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How full is your luggage? Background knowledge of zoo visitors regarding sharks
Examining Preconceived Ideas of Sharks to Design Better Zoo Exhibits
Sharks are commonly perceived as aggressive, violent, and dangerous—a view often propagated by media. Zoos and aquariums try to counter this antagonistic vision by exposing visitors to a more accurate depiction of sharks and their role in the marine ecosystem. This is approached through interpretation and positive experiences with live animals. To improve the quality of these learning experiences, the institution where this study took place, Zoomarine, performed an evaluation of its programs and visitors. Their first goal was to understand what information and attitudes participants are bringing to their visit: specifically, how their young and adolescent visitors think about sharks. The second goal was to develop teaching strategies based on this information.
The researchers collected data in two phases. The first phase was an exploratory study and included 235 museum visitors aged 8 to 16. These participants were asked to draw a shark using their memory and conception of the animal, without the addition of hints or prompts. Participation was voluntary, and there were no time limitations. These drawings were coded and analyzed by a single researcher, according to four categories: anatomy, behavior, physiology, and classification. Each aspect of the drawing (such as anatomy and behavior) was subsequently coded to one of three levels of complexity: initial, intermediate, and reference.
Based on the results of the first phase of the study, the authors designed a second phase to acquire more information about participants’ ideas and experiences related to sharks. Five visitors of different ages (between 8- to 14-years old) were selected and asked to participate in a semi-structured interview about their work, particularly regarding their knowledge and representation of shark biology, anatomy, and ecology, and the environments in which sharks live.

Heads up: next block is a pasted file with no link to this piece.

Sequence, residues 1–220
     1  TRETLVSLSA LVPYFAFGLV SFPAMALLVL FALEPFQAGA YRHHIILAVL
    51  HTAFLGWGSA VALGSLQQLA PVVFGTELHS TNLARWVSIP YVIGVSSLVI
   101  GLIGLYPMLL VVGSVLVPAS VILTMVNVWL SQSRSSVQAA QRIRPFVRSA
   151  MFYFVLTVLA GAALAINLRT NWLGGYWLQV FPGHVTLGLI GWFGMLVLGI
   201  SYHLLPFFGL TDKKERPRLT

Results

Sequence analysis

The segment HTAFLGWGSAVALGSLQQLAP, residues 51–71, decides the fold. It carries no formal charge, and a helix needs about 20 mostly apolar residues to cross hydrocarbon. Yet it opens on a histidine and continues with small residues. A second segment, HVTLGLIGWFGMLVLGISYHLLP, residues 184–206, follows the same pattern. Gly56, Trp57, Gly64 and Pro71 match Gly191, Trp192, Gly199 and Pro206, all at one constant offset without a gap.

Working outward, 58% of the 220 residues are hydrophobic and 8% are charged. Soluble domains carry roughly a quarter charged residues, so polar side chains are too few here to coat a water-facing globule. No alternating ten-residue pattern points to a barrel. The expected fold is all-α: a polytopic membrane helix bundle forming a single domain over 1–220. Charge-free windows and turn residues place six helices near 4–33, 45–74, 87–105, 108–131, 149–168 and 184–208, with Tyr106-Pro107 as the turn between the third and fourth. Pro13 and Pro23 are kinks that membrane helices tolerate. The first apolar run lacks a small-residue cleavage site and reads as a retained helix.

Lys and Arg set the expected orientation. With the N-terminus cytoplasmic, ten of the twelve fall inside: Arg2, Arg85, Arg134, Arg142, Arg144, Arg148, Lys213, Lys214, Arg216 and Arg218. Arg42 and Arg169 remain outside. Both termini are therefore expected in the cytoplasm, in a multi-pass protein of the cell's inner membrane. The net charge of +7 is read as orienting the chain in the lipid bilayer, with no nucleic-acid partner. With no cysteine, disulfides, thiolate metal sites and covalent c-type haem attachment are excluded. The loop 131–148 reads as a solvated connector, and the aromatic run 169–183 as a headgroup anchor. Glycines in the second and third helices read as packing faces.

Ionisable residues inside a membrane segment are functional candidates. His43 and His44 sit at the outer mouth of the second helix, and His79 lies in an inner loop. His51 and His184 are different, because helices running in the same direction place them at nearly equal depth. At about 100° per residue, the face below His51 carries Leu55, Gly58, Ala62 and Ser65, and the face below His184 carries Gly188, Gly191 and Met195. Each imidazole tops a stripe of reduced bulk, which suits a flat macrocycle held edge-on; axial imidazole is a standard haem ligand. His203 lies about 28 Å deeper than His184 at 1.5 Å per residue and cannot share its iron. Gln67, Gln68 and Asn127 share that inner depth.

Based on the analysis of the drawings collected in the first phase of the study, the authors identified five categories and 19 subcategories that represented various aspects of the drawing content. Based on the second phase of the study, which included drawings and interviews, the authors identified additional features, for a total of 13 categories and 33 subcategories. These categories and subcategories included: anatomy (subcategories: gill slits, fins, mouth, human expression, plus six more); community (biological diversity, ecological connectivity); environment (distribution, natural habitat, and two others); trophic relations (diet, predation); population (sharks); conservation (ecological importance, status); behavior (activity, aggressiveness); senses (vision, smell, hearing); physiology (breathing); classification (class); movement (migration, mobility); reproduction (reproductive capacity and strategy); and longevity.
For the purposes of analysis and discussion, the authors focused on four of the categories: anatomy, behavior, physiology, and classification. For each of these categories, the authors identified three levels of understanding: initial, intermediate, and reference. These levels allowed the authors to better analyze the drawing and interview data. The authors also describe these levels as a framework that could be used by future educators.